With the edition of the Code of Civil Procedure (CPC) of 2015, article 927, § 3, was introduced, which contains a wording similar to article 27 of Law No. 9,868/99, which authorizes the Supreme Court and other higher courts to modulate the effects of their decisions, provided that there is a modification of its case law or in trial of repetitive appeals. The justification for modulating the effects should be social interest and legal certainty.

The point of attention is the existence of an understanding with broad scope and whose modification may affect a significant number of legal relations. For this reason, the effects of the decision are allowed to be calibrated, with the establishment of a specific moment from which the interpretation conferred should be observed.

The possibility of changing the interpretation of legal provisions is the result of the very dynamics of the rule of law and reflects the changes, in various ways, that occur in society and influence the applicators of law.

The search for legal certainty requires that acts consolidated and concluded in the past in line with the prevailing orientation at that moment must be protected and shielded against revision or reform based on supervenient interpretation.

Due to a scenario marked by changes in interpretation, legal certainty as a value to be achieved presupposes the establishment of beacons and criteria that protect the administered who act in moderation, following guidelines provided by the Administration itself or even precedents emanating from the Judiciary.

It cannot be accepted that a predominant interpretation in a given period is used as a basis for the revision and/or reform of an act performed many years earlier, when the orientation was different. This is the concept of legal certainty which we advocate and on the basis of which we believe that the modulation of the effects of decisions amending dominant case law should be based.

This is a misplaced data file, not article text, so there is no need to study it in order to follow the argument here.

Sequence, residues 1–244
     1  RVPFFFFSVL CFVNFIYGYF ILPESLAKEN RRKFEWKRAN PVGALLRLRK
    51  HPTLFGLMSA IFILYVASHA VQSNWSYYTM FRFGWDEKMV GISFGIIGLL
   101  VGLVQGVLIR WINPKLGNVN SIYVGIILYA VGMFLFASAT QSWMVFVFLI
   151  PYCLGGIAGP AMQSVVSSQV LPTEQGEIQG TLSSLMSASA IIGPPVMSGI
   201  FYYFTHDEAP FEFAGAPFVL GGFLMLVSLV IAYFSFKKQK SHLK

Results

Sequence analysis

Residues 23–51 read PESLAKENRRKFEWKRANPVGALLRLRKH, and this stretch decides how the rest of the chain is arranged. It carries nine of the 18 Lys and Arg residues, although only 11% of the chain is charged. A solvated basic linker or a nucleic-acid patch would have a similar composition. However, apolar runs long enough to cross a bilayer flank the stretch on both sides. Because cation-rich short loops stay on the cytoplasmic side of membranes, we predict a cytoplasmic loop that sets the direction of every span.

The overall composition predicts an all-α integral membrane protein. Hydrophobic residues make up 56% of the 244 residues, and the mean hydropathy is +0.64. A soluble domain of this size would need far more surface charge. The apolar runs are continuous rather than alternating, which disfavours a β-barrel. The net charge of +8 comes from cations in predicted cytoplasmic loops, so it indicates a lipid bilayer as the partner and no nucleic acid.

The consequence of the modification of the dominant case-law is seen, by positive law itself, as a factor authorising the limitation of its effects. And what would that be? The disregard of many legal acts implemented under the then dominant orientation, forcing the return to the previous situation. In the case of the tax liability, it is the possibility of repaying amounts paid improperly or even the collection of amounts not paid in due course.

By authorising the effects of the decision to be limited and avoided the consequences of the undoing of acts carried out in accordance with the guidance of the higher courts, law recognises that, exceptionally, extralegal factors may be invoked as the basis for a given decision.

The alternative requirement to allow the modulation of the effects of decisions is the social interest. Once again, the consequences of the decision for society may be used as a reason for limiting the effects of the judicial pronouncement.

The argument often invoked as the basis for requests for limitation of the effects of a decision that recognizes the unconstitutionality of the device that creates or modifies the rule of a particular tax – harmful impact on the public coffers – cannot be accepted, if solely taken. Social interest is not confused with the interest of the tax administration.

The assumptions that lead to consider possible effects of the decision in society as an extralegal justification to limit the effects of the decision are put by law and should be observed.

As this is an exception accepted by law, it is essential that the modulation of the effects of judicial decision-making on the basis of extralegal grounds be adopted sparingly. It should only occur when the authorizer requirements are present.